Tudor 7088
Tudor 7088

CD Reviews: Symphony No.3 Im Walde

Symphony No.3 Im Walde op.153 and "Italian" Suite for orchestra WoO.35

Bamberg Symphony Orchestra, Conductor: Hans Stadlmair
Tudor 7088 2001 DDD 76:50

Stadlmair's sterling work for Tudor continues with his second Raff symphonic recording - this time of the "Forest" Symphony No.3. For the last few years Raffianers have had three modern recordings from which to chose for this seminal work - D'Avalos on ASV, Watton on Hyperion and Schneider on Marco-Polo in descending order of preference.

Now Stadmair presents a clear first choice with this vivid and generally well thought out interpretation which benefits from a first-rate coupling..

In the late 1940s Bernard Herrmann broadcast legendary performances of Raff's 3rd. and 5th. symphonies - the latter eventually committed to vinyl as what is still the definitive recording of Lenore. Luckily, Herrmann's view of the 3rd. was preserved on a tape of the broadcast which reveals it to be more satisfying than any other previous CD offerings. So, how does Stadlmair measure up?

The short answer is pretty well. The Raff credentials of both conductor and orchestra have been well established in their two previous CDs and their performance of the 2nd. Symphony in Bamberg last December. The orchestra have the measure of what's needed to make an effective Raff performance and they produce it again here - round string tone, delicate and accurate woodwinds coupled with weight from the brass. Stadlmair understands that Raff's Allegros demand propulsive forward momentum, great dynamic contrast within the piece and the confidence to let the brass shout out when Raff calls for it, whilst at the same time not obscuring the delicate details which are one of his hallmarks. All this and more is present in Stadlmair's confident reading of the first movement, which thrills to the extent matched only by Herrmann's 52 year old performance. Even D'Avalos is not in the same league. A great start.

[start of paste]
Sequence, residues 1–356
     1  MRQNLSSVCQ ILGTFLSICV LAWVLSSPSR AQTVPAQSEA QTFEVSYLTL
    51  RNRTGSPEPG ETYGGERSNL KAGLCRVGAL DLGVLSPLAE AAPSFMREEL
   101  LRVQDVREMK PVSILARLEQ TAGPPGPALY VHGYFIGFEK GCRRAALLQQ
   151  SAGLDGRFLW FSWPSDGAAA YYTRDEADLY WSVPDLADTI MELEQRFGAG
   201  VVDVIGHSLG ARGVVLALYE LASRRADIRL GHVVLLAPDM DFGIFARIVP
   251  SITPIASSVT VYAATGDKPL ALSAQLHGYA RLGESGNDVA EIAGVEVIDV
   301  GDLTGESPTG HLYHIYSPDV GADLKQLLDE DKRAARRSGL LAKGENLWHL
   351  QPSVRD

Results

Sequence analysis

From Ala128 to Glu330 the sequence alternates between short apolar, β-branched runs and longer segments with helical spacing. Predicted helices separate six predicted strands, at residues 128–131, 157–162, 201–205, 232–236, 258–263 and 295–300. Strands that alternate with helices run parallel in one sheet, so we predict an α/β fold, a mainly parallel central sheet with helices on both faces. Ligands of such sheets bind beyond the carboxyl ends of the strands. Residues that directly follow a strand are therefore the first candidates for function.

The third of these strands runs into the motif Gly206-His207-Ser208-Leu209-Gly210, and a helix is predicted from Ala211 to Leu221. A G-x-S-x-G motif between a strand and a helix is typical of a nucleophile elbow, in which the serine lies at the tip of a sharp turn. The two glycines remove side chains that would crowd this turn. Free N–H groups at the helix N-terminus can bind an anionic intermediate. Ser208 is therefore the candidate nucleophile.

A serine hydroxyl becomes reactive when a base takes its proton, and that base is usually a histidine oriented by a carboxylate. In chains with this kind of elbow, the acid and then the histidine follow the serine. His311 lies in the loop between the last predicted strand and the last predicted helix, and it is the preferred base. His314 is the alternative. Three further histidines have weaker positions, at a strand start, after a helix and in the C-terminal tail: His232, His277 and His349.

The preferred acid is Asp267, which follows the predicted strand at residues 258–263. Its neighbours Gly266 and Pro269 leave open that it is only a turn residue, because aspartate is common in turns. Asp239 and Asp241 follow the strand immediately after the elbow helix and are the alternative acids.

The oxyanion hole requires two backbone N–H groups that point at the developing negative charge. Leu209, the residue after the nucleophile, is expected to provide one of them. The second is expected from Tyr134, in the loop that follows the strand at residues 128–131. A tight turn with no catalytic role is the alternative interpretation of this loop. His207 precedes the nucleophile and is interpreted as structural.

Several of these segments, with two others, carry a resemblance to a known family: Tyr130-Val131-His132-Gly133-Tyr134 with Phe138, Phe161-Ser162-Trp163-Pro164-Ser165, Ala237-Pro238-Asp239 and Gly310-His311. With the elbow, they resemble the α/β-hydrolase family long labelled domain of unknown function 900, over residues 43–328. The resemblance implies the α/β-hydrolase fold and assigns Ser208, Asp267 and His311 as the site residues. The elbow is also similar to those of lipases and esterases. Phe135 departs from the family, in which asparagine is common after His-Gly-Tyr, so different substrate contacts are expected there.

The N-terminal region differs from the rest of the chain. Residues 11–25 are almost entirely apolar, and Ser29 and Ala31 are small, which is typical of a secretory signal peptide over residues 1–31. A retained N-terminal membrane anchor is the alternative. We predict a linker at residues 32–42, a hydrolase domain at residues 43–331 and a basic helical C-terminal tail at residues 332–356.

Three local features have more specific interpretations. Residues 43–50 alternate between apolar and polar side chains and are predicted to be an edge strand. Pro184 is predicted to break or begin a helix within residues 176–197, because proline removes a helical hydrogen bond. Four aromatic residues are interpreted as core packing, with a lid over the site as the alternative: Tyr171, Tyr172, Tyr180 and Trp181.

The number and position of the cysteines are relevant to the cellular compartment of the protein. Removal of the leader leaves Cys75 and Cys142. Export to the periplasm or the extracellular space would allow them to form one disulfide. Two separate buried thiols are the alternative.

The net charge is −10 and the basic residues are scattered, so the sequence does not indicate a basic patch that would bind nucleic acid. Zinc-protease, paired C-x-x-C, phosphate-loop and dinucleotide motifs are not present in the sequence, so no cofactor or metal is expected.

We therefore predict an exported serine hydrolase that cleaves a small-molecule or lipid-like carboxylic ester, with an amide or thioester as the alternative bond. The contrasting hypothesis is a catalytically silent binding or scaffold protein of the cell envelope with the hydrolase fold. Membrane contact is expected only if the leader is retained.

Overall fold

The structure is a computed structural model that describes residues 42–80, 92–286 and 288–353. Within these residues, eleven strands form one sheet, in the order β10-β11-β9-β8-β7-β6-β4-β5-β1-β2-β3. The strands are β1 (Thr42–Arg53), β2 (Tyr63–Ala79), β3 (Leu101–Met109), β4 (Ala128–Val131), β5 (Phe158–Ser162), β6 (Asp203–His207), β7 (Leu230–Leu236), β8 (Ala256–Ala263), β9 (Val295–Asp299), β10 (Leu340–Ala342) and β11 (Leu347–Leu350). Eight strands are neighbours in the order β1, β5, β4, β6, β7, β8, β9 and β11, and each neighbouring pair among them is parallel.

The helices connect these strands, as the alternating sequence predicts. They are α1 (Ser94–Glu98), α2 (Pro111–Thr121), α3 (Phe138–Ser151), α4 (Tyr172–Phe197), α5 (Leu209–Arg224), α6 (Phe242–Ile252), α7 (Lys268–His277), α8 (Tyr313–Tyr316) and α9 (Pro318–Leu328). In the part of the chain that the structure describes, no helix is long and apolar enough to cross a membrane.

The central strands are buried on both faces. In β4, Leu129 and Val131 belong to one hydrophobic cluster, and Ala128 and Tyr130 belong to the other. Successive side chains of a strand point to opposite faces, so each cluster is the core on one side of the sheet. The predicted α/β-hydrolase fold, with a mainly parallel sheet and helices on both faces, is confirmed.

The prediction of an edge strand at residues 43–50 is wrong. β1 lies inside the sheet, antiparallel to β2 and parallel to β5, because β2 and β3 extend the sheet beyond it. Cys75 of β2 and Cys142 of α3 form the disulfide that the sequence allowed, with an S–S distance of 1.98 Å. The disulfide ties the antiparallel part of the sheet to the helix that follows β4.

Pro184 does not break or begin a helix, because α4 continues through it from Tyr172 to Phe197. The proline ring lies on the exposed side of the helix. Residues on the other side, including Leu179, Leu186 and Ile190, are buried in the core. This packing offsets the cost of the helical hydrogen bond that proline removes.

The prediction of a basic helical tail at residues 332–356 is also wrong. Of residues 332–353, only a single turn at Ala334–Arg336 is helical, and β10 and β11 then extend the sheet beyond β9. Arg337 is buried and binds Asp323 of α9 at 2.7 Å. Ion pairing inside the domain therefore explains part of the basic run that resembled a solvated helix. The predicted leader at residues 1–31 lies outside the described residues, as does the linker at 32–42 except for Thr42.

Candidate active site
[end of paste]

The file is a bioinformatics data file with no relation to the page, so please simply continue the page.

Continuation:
Listen to a musical extract This excerpt, the opening pages of the Symphony's first movement demonstrates Stadlmair's driving momentum [1:42]

All the more reason for disappointment, then, in the next two movements. Quite simply, the slow movement is far too fast and the fast movement is rather too slow. In the beautiful Largo two minutes is shaved off Herrmann's (admittedly rather indulgent) 10:33 timing and a minute off the three modern alternatives, reducing the contrast between the three sections and destroying the cumulative effect of the gorgeous dreamy melody in the outer ones. It is certainly well played and nicely phrased - but it's just too fast. The Allegro Assai which follows should be something out of Mendelssohn's "Midsummer's Night's Dream" - feather light and played with dazzling virtuosity. Here, Stadlmair adopts a rather more pedestrian pace - the precision is there in the playing, but one hardly gasps at the speed of it all. Perhaps the Dryads were dancing after a long night?

Stadlmair restores one's faith in him in the finale, which is quite magnificent. Herrmann's rather too frenetic pace is moderated just enough by Stadlmair to produce a menace and sense of thundering movement wholly appropriate to this picture of Wotan's wild hunt. The brass excel and the strings provide firm support, the contrasts of tempo and volume impeccably judged. Where Stadlmair comes into his own is in the long central section. Here, all his competitors lose their way and the passage tends to drag on, devoid of any interest. With the benefit of a modern recording denied us with Herrmann, we can hear how Stadlmair keeps the pace going by emphasising the menace of the scurrying orchestral detail behind the reminiscences of material heard earlier, so this bridge between the two hunt episodes thereby provides both contrast and continuity. The return of the first movement's opening melody is a heart-warming moment and nicely managed. All in all, in this fourth movement Stadlmair is in a class of his own .

Listen to a musical extract This excerpt is from the Symphony's last movement - the problematic central section [1:58]

Whilst the symphony is the major work on the disc, the "Italian" Suite is hardly an inconsequential piece with its five movements lasting over half an hour. If anything, Stadlmair's view of this sunny, charming work is even more persuasive than in the symphony and certainly more consistently successful. Again, he and the Bamberg Symphony are in a different league from the competition - this time Edlinger and the CSSR State Philharmonic Orchestra on Marco Polo. The two slow movements, with their seductive orchestration and languid melodies, are particularly successful and the concluding Tarantella is taken at a cracking pace. Unlike Edlinger, the opening Overture sounds much more Italian than German under Stadlmair's baton and the Pulchinella Intermezzo is dazzling carried off.

The Tudor sound quality is fully up to the standards of the previous CDs in the series and the Bambergers playing is excellent throughout. Only Stadlmair's wayward tempi in the symphony's two middle movements stops this being a five star recommendation - the other seven movements however still make it an essential purchase.

Mark Thomas

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